Red Bull driver Max Verstappen has urged Formula 1 to consider speeding up its Aston Martin safety car as drivers struggled to heat up the tyres at the Australian Grand Prix, calling the car "a turtle".
The Aston Martin Vantage safety car, driven by former DTM star Bernd Maylander, was pressed into action twice during Sunday's 58-lap race for an off by Carlos Sainz and a crash for Sebastian Vettel.
But as most drivers were on the hard tyre at the time, they struggled to get any heat into their rubber behind the Vantage, which is slower than the Mercedes it splits safety car duties with.
Aston Martin and Mercedes started sharing the provision of official course cars last year, Aston delivering a 4.0-litre twin-turbo V8 Vantage producing 528 bhp.
For 2022 Mercedes introduced a new 730 bhp Mercedes-AMG GT Black Series, which was used in Bahrain and Saudi Arabia. The Mercedes is much closer to a pure track car than the Aston and is believed to be around five seconds faster per lap.
Verstappen, who took both restarts from second place behind leader Charles Leclerc before his retirement, said the Aston “was like a turtle” that prevented drivers from restarting the race with sufficient heat in their Pirelli tyres.
"There's so little grip and also the safety car was driving so slow, it was like a turtle. Unbelievable," Verstappen fumed. "To drive 140 [km/h] on the back straight, there was not a damaged car, so I don't understand why we have to drive so slowly. We have to investigate.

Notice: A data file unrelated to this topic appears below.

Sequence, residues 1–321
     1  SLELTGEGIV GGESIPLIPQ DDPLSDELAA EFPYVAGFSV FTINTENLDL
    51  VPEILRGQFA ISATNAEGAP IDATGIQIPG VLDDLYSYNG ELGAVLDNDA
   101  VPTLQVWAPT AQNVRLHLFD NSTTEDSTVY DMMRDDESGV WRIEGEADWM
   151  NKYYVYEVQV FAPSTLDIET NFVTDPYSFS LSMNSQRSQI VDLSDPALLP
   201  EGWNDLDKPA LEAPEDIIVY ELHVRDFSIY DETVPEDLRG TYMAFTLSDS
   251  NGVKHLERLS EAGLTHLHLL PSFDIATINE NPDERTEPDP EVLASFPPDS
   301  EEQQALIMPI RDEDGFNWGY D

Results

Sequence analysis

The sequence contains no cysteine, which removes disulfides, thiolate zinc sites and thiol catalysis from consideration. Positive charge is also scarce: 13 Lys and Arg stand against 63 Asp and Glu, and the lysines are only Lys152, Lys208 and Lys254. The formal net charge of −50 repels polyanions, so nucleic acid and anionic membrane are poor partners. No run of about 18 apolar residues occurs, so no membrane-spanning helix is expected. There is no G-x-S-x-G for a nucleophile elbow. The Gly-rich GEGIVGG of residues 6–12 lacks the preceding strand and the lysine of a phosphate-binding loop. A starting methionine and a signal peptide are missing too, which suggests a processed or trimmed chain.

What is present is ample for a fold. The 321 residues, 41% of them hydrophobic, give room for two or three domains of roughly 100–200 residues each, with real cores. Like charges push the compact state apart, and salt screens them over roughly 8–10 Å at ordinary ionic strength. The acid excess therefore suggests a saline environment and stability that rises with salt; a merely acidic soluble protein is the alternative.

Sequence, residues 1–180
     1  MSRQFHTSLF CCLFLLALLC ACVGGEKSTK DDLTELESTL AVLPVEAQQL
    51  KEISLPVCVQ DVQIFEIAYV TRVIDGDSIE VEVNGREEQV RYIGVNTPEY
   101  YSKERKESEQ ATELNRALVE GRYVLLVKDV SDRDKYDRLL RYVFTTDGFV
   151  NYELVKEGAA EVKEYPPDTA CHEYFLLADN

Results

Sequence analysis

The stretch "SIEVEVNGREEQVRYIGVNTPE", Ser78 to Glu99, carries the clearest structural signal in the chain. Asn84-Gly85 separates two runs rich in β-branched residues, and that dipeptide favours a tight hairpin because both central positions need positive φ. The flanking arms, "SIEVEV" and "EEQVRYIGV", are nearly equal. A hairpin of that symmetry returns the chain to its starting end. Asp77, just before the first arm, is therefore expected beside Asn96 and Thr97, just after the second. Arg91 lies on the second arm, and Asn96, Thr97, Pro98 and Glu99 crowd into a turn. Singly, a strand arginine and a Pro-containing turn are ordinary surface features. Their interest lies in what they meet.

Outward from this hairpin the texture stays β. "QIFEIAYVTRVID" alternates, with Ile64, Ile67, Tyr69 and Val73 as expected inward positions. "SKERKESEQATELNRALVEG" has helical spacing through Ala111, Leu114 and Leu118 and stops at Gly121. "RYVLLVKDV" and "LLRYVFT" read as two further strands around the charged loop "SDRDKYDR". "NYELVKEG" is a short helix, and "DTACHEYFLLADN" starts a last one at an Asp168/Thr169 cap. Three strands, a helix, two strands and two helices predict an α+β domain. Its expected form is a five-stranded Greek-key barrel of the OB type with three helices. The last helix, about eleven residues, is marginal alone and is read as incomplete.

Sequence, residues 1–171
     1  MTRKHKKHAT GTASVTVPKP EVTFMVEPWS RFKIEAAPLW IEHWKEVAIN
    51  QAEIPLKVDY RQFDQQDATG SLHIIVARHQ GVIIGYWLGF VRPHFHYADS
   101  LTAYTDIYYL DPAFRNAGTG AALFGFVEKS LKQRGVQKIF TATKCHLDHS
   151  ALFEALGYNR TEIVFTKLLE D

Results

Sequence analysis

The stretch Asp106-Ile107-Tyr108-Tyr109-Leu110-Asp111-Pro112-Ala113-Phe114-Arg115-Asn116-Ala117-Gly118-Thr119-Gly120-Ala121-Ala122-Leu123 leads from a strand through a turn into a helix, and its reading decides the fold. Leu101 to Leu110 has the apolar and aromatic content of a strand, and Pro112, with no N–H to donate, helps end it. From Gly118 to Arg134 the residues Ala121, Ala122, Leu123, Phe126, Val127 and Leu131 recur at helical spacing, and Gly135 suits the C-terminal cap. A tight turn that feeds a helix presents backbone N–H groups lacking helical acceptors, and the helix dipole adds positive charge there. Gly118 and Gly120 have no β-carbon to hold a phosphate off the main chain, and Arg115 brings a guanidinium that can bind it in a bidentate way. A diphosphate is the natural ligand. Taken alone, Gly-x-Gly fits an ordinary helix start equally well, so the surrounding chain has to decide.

"For sure the Mercedes safety car is faster because of the extra aero, because this Aston Martin is really slow. It definitely needs more grip, because our tyres were stone cold.
"It's pretty terrible the way we are driving behind the safety car at the moment."
Melbourne winner Leclerc agreed with his 2022 rival but said he didn't want to complain on the radio once he saw how hard Maylander was working to go as fast as he did.
"To be honest it always feels too slow in the car because with those Formula 1 cars, we have so much grip and it's very, very difficult, especially on the compound we were all on, which was the hards," he said.
"I was struggling massively to put some temperature in them, so I also struggled. To be honest, I wanted to complain, but then I checked how much the safety car was sliding in the corner and I don't think there was anything more that he could give so I didn't want to put too much pressure.
"For sure with the cars that we have now it's very difficult to keep the temperatures in the tyres behind the safety car.
Third-placed Mercedes driver George Russell quipped: "We don't have the issue with the Mercedes-AMG safety car!
"On a serious note, the Mercedes-AMG is like five seconds, a lot quicker, than the Aston Martin safety car, which is pretty substantial."